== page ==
Scientists now know that sperm whales help the oceans to be a healthy enriching habitat for so many species. They are also a key species to slow down the climate crisis. When these whales dive, guided by sonar, into the great depths they capture great volumes of squid. They bring to the surface many nutrients, but just as importantly, the whales poop usually before they dive and it becomes an important source of nutrients for wildlife and the propagation of plankton that soak up the carbon dioxide.

Recently, a lot of effort has been brought forth to celebrate the lives of animals. David Attenborough’s documentaries and others such as “My Octopus Teacher all are trying to undo the self imposed calamity humans find themselves in; Becoming Wild does the same. 

Whales are not alone in bringing a culture to their communities. Macaws and chimpanzees do the same. Safina writes: “Flexibility that becomes shared habit is called ‘custom.’ Customs learned through generations becomes tradition. Traditions make up culture… A culture can be a package of traditions, a repertoire of behaviours, skills, and tools characterizing a group in a place.” We humans can easily recognize our own cultures even if their everydayness is sometimes hidden from us, but once in a while innovation moves that culture to a new, enriched place. Conformity and nonconformity are equally vital in shaping a culture. But why can’t we accept that non-humans also have cultures? Becoming Wild is as much a contemplation and celebration of the cultures of three non-human species as it is of the human one, but Safina also speaks forcefully about the frailties that undermine human potential.

Safina’s chapters on the marvellous cultures of macaws and chimpanzees are also a conversation about who we are. He asks us to pose and try to answer difficult questions. Our obsession with violence is mirrored in that of chimpanzees. Why have our cultures allowed this to happen? Humans also place great value on beauty and on peace, so why haven’t we been able to supplant violence? It’s not that chimpanzees and humans don’t harbour “tender emphatic concerns for others and brave altruism.” We do, but both species are trapped in hierarchy and male, misplaced violence. “Chimps don’t create a safe space; they create a stressful, tension-bound, politically encumbered social world for them to inhabit. Which is what we do. This behavioural package exists only in chimpanzees and humans… Chimps may hold clues to the genesis of human irrationality, group hysteria, and political strongmen.” It appears to be abundantly clear that another primate, the bonobo, has it right when their cultures (of which there are many) are based in matriarchal supremacy, as peace reigns in those communities.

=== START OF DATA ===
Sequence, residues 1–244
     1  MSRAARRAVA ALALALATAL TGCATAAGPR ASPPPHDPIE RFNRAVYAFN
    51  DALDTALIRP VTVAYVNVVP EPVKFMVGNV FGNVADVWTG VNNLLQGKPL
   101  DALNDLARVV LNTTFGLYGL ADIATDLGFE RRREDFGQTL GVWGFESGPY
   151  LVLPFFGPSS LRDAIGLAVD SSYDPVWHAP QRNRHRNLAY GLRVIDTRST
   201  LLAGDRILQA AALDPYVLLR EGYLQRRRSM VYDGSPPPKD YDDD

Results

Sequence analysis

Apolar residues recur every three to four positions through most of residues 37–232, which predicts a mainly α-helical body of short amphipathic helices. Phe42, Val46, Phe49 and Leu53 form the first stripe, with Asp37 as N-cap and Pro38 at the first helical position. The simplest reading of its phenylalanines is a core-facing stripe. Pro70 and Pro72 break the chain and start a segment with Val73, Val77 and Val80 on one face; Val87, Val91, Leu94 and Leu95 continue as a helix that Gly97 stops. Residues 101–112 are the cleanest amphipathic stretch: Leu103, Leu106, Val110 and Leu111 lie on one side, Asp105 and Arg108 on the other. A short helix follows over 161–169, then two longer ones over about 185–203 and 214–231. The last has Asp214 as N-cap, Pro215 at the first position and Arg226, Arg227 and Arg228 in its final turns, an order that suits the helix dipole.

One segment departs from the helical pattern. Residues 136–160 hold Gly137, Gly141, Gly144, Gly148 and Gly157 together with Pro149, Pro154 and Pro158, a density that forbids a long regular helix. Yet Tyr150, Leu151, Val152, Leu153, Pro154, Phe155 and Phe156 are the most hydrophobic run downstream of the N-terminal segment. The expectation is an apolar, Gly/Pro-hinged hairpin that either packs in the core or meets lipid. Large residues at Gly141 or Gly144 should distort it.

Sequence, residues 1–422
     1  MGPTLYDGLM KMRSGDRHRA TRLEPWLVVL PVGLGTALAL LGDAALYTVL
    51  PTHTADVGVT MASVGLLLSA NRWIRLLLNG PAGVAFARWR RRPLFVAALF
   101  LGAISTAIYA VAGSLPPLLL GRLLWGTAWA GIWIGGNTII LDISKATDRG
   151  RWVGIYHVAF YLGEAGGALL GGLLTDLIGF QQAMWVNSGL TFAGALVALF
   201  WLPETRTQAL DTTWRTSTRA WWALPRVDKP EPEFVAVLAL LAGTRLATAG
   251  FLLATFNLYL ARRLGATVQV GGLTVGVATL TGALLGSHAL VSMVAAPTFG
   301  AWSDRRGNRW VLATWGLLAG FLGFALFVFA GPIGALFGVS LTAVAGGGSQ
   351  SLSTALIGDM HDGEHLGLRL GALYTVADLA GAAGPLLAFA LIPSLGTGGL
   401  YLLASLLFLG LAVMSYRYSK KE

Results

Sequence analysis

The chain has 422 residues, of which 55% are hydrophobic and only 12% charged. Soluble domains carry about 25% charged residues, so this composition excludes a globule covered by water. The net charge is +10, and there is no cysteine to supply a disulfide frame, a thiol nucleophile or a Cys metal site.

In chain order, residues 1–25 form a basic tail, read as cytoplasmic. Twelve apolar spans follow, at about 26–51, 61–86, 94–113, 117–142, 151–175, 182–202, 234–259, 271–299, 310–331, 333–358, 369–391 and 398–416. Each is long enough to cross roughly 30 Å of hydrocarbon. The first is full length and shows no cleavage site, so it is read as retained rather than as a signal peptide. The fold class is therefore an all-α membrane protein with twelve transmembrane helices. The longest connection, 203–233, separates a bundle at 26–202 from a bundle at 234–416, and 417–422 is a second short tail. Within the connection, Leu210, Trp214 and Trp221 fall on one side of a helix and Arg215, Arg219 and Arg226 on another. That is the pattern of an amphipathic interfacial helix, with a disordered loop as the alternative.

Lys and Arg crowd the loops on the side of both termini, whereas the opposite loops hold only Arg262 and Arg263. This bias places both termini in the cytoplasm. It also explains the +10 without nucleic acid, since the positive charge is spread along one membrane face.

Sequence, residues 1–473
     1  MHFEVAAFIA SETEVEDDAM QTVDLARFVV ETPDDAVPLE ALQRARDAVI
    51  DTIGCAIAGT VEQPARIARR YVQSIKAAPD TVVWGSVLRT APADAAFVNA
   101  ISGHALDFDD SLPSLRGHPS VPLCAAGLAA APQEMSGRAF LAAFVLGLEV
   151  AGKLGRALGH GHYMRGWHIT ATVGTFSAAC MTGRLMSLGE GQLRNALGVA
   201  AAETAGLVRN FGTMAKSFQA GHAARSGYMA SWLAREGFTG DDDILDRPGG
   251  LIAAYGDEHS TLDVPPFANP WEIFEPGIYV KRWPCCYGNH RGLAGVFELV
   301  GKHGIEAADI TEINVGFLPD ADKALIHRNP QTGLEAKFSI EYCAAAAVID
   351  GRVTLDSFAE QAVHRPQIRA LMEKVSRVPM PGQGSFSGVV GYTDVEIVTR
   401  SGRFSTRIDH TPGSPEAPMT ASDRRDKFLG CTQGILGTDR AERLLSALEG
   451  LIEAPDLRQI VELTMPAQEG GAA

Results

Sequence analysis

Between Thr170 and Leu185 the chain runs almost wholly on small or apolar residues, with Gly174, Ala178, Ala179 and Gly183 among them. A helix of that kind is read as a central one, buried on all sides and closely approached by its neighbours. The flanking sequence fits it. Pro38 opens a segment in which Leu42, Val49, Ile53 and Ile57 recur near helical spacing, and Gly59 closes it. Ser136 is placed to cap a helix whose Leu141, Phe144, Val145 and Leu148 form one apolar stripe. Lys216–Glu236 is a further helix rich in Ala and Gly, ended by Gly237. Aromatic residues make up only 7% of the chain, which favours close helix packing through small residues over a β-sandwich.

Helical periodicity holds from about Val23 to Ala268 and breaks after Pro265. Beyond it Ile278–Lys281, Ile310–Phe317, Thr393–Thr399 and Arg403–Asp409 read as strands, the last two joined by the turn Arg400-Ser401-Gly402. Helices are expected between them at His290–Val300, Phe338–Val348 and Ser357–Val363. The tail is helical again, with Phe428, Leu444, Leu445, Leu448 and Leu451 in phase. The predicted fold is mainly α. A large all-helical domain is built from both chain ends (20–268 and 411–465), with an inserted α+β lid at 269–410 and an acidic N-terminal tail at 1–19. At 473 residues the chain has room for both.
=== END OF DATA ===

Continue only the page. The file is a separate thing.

The author brings us to a research station on Peru’s Tambopata River where various species of macaw are studied. Here, too, are vibrant cultures that celebrate life. Safina wants to comprehend the nurturing place that beauty plays in the lives of these birds. He also wants to understand why beauty is so important for humans. His answer, at the end of the book, is succinct: “Living things anchor what is beautiful… Beauty is a simple crib-note for all that matters.” An astonishing response, I thought, and though seemingly esoteric, I believe that it makes perfect sense. Unlike the smaller green parrots, macaws are fabulously colourful, and even though they are strikingly beautiful and so visible there are few predators that can catch them. Their high level of intelligence has given them the means to avoid being eaten. Beauty is their reward. Safina harks back to Charles Darwin when he speaks about sexual selection and beauty. Beautiful males are chosen by females: it’s that simple. Safina takes up this idea: “Beauty—for the sake of beauty alone—is a powerful, fundamental, evolutionary force… The radical preference of Life is: beauty.”

In the Budongo Forest in Uganda Safina meets Cat Hobaiter, who has been observing some chimpanzee communities for over a decade. We learn about the lives of several chimps and their interactions within their groups. There is an astounding similarity between their gestures and those of young human children. Most are identical and have similar meanings. Human children use 52 distinct gestures, and chimps use 46 of those same ones. Gestures create the means for cohesion within the family, and greater tenderness, particularly between mother and baby. The chimp mother is the sole parent to bring up the babies, and peace resides there. Between males, and certainly in the complicated relationships the alpha male has with other males, violence is often ready to surface. Contrast this with bonobos’ path to peace: “little violence among males, between sexes, and among communities.”

Throughout the book there is a deep uncertainty that humans will have the courage and capacity to see that non-humans must be cherished and protected. Safina asserts that “caring that they’ll exist after we are gone is a moral matter… The things that threaten whole communities of other species also threaten us… Africa keeps the deepest of primate pasts. The question is whether it holds a future.”

Only humans can now answer that. Carl Safina’s tribute to whales, chimpanzees and macaws can empower us to embody a new ethic for this world: one that loves all life on Earth, not solely our individual tribes’ wellbeing.